Entrepreneurship: The Cycle Effect | Leeds School of Business

From Business at Leeds 2022 | Full digit

A group of cyclists taking a break.  The team leader is pointing the camera to the left.

Brett Donelson leads a group of cyclists on a ride. The Rural Entrepreneurship series helped give him the confidence to establish and now grow Cycle Effect, which Donelson started with his wife in 2013.

Civil rights activist Susan B. Anthony said in 1896, “The bicycle has done more for women than anything else in the world—it gives her a sense of self-reliance and independence the moment she takes her seat.”

Today, women still ride bikes for the physical and mental benefits, which can sometimes be life-changing. But not as much as one would think.

A woman jumps on her mountain bike.Brett Donelson and his wife see every day as an opportunity to change that. Inspired to help young women, they started The Bicycle Effect in 2013, an Eagle County nonprofit that encourages underprivileged girls to develop self-esteem and healthy lifestyles through biking.

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“We had no business experience, but kept saying ‘yes’ to opportunities instead of focusing on the 99 ‘no’s’ we got,” Donelson said.

The program provides girls with bikes, training—and an escape from the stress of high school. As they learn to ride and compete as a team, they not only improve their overall well-being, but they learn to work together and overcome obstacles.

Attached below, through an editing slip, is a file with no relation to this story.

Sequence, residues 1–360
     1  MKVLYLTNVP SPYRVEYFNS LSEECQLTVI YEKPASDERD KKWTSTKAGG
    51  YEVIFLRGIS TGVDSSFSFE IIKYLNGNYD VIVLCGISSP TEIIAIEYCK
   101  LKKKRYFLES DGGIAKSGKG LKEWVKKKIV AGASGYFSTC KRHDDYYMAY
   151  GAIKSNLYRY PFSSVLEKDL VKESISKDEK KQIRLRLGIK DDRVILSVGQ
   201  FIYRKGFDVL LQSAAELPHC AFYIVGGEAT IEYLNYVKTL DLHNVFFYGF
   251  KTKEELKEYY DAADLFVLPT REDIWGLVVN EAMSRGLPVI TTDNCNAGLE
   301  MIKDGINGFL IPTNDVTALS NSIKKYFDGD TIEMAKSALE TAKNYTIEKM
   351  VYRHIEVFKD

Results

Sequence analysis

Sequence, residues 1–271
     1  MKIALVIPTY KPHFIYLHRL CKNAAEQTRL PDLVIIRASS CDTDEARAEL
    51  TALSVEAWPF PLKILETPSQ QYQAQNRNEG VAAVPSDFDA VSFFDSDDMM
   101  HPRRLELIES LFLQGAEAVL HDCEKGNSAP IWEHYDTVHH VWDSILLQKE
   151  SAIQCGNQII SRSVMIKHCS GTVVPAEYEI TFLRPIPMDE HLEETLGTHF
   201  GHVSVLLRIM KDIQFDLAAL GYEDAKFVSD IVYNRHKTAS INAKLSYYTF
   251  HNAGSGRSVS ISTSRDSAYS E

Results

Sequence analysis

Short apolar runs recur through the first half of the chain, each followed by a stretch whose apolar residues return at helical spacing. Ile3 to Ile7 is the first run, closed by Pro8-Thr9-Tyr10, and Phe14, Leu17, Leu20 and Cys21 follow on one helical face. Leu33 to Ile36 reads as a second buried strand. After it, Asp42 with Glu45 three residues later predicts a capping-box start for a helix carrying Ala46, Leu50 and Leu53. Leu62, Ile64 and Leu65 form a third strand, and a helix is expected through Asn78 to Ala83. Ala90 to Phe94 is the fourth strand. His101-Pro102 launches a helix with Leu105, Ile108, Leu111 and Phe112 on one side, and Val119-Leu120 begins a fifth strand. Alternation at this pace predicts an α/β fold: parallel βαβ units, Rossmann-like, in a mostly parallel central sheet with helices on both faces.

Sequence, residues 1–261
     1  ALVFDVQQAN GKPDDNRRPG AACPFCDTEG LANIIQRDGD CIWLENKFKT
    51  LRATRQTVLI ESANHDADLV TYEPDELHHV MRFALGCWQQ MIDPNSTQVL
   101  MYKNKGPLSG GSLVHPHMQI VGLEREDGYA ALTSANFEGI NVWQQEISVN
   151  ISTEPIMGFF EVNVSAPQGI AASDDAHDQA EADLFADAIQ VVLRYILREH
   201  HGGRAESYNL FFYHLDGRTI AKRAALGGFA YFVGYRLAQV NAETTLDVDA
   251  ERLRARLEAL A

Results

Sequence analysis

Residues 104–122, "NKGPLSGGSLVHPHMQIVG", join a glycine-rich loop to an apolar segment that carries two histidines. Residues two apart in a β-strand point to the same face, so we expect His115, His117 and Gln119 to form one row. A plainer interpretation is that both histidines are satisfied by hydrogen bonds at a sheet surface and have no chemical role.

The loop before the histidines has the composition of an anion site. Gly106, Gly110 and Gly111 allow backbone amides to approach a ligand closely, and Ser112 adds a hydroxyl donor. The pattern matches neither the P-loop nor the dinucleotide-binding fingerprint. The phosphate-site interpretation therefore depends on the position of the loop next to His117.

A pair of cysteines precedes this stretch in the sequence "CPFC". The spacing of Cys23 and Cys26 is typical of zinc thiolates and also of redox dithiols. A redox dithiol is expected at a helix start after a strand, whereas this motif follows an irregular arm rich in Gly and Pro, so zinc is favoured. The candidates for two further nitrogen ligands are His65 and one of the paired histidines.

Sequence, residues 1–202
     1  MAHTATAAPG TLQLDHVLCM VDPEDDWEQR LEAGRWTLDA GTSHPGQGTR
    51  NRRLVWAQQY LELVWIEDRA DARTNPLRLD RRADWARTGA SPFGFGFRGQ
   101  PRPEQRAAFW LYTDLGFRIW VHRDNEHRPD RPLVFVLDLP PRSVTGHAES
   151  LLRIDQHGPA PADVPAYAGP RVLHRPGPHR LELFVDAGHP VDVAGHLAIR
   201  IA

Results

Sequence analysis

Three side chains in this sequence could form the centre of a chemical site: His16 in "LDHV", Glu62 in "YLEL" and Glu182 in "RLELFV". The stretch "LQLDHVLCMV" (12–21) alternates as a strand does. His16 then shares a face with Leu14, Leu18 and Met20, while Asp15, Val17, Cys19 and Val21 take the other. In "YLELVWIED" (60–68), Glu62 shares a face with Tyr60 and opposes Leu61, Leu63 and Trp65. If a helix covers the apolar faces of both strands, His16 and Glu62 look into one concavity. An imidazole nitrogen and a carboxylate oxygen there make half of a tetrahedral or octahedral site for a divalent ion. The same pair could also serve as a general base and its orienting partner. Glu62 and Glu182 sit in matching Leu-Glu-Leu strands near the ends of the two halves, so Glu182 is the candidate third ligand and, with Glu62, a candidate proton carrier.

None of them start with previous mountain biking experience—but they all become passionate about it. “We don’t focus too much on the competition. We’re a bike team, but really a mentorship program that uses the bike as a tool,” he said. “I’ve never been a part of a sport where you learn so many lessons that are metaphorical for life,” like on the hill. The struggle to climb, the freedom to let go and the confidence to move forward without fear.

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Many of those same lessons apply to him as he builds his nonprofit organization. A few years after his start, he attended two demystifying entrepreneurship workshops in Vail.

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“Being an entrepreneur is very lonely, because it feels like you’re making decisions with the weight of the world on your shoulders.”

Brett Donelson, Founder, The Cycle Effect

“The workshops reassured me that I was not completely lost. I can ask questions and understand that I am not crazy,” he said.

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“The best things I gained were confidence and networking; Sitting in a room with like-minded people was so valuable. I thought partners – I was not alone.”

These days, it’s focused on developing outreach programs and expanding to new locations throughout Colorado. Ten years from now, his goal is to work with thousands of children.

“I love what I do. I love learning about starting things – and now that I’ve done it once, the second and third times will be a lot easier,” he said.

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